‘I Am Mad For The Sport'
Horse & Hound|November 21, 2019
‘I Am Mad For The Sport'
Champion point-to-point jockey Will Biddick talks to Hannah Lemieux about finding his love for racing and his showjumper wife’s riding influence

WILL BIDDICK, a farmer’s son, who wasn’t particularly interested in racing and had no desire to be a jockey, reflects on his first point-to-point ride with jest.

“It was on a schoolmaster called Just Bert when I was 16. My dad wouldn’t let me wear gloves or goggles because he said they’d get in the way,” says the 32-year-old with a smile. “I couldn’t slip my reins or ride a finish, I rode too long and had my silks hanging out — I didn’t feel like I looked the part so didn’t enjoy it much. Then I went through a phase of riding too short as I thought I’d look more stylish, but it just resulted in numerous unseatings!”

The Somerset-based champion point-to-point rider, who is married to top showjumper Harriet Nuttall, has come a long way since his early riding days when his passion was farming on his father’s land in Cornwall. He has since reached the pinnacle of the sport, lifting the champion trophy six consecutive times before regaining the crown from Alex Edwards last season to make it seven. But like many a success story, it hasn’t all been plain sailing, including dipping his toe into the professional jockey ranks before deciding the “wasting” life of restricting his diet wasn’t for him.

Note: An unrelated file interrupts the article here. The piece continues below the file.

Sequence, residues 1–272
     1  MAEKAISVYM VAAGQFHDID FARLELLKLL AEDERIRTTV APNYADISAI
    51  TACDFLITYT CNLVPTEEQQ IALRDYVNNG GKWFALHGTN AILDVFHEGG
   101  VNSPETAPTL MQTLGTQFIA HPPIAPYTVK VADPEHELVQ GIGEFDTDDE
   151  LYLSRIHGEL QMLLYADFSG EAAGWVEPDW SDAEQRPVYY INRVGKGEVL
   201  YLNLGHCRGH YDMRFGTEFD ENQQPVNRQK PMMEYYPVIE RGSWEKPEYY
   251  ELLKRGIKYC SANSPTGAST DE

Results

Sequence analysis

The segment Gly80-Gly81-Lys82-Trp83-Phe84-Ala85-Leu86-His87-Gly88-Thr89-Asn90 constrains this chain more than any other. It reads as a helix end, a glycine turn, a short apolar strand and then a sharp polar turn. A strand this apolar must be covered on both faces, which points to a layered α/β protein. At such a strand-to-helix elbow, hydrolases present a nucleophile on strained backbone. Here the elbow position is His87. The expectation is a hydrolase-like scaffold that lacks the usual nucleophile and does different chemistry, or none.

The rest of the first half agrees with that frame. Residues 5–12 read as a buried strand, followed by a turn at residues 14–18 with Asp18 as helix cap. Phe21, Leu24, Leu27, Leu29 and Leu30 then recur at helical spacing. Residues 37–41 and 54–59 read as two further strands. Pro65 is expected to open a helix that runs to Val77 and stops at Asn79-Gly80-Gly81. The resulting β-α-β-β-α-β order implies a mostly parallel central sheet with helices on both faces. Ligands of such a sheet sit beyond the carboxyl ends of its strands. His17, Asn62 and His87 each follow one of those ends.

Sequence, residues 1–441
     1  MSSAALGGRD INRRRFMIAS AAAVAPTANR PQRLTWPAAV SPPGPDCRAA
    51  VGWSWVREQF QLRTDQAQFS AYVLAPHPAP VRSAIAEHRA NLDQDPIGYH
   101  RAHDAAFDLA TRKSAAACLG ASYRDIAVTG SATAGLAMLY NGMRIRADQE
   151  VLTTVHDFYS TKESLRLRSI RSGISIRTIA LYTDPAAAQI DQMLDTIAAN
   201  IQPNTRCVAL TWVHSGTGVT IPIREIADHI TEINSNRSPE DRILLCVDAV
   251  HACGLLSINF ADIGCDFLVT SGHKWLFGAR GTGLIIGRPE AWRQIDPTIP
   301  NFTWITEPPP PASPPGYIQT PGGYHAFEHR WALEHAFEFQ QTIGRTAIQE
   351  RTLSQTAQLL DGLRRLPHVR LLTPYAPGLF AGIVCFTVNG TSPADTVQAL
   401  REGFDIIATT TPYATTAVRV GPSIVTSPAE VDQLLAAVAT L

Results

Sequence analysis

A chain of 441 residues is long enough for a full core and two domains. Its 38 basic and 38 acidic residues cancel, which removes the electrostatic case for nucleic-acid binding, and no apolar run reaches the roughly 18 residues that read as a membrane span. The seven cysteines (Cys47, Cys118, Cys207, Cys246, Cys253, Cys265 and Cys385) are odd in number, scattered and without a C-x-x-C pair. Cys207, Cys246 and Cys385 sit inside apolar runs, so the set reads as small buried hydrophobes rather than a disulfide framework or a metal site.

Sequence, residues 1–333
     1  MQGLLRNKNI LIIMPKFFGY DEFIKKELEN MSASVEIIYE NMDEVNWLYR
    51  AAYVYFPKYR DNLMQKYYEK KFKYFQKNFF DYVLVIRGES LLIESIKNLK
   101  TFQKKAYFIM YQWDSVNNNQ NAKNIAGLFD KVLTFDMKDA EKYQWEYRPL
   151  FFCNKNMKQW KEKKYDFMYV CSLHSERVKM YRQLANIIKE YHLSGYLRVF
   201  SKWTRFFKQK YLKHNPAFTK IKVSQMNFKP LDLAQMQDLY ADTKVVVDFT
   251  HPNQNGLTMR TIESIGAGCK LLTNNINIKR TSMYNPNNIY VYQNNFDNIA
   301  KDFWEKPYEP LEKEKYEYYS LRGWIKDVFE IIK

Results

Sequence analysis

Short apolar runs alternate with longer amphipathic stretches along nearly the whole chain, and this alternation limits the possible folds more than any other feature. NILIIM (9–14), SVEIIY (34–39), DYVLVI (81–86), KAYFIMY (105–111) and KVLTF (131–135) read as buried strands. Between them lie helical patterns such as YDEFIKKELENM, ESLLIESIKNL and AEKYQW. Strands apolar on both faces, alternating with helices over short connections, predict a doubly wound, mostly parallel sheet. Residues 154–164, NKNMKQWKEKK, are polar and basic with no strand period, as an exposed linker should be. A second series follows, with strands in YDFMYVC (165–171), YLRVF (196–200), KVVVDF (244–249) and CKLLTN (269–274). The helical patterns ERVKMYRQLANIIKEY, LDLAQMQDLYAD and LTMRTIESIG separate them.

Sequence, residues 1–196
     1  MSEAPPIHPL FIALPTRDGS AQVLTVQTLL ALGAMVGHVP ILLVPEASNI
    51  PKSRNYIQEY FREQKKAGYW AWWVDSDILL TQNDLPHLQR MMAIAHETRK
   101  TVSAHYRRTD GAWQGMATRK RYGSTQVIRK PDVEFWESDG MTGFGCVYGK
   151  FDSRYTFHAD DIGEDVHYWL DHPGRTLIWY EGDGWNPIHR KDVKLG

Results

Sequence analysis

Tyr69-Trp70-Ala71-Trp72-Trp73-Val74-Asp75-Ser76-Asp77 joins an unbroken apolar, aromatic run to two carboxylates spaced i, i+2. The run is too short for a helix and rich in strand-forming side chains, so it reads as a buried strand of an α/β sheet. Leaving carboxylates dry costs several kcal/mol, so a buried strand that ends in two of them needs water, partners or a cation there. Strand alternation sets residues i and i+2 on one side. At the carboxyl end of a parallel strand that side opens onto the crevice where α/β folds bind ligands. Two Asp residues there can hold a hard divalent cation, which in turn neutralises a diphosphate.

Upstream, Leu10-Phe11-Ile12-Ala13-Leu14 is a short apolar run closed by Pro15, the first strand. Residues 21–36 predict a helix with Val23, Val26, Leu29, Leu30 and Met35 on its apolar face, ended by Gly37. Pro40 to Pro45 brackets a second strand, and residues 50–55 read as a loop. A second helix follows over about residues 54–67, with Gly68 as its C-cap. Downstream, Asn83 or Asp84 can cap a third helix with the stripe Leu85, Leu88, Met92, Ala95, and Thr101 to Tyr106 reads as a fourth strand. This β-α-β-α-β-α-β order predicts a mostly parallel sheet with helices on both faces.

“I didn’t get interested in racing until I was 15. My dad had a couple of pointers so I thought I’d have a go,” says Will. “But after two years, I was thinking how to tell my dad I didn’t want to do it anymore; I was still more interested in farming.”

Then family friend Len Vickery suggested that an 18-year-old Will join National Hunt trainer Venetia Williams in Herefordshire.

“Len said that whether or not I became a jockey, working for Venetia would do me some good,” remembers Will. So the boy from Cornwall packed his bags and started his full-time job 200-odd miles away.

“Moving there turned me from a boy to a man,” he quips. “I went from not really enjoying racing to loving it.” And the trainer influenced his riding style in the early days.

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November 21, 2019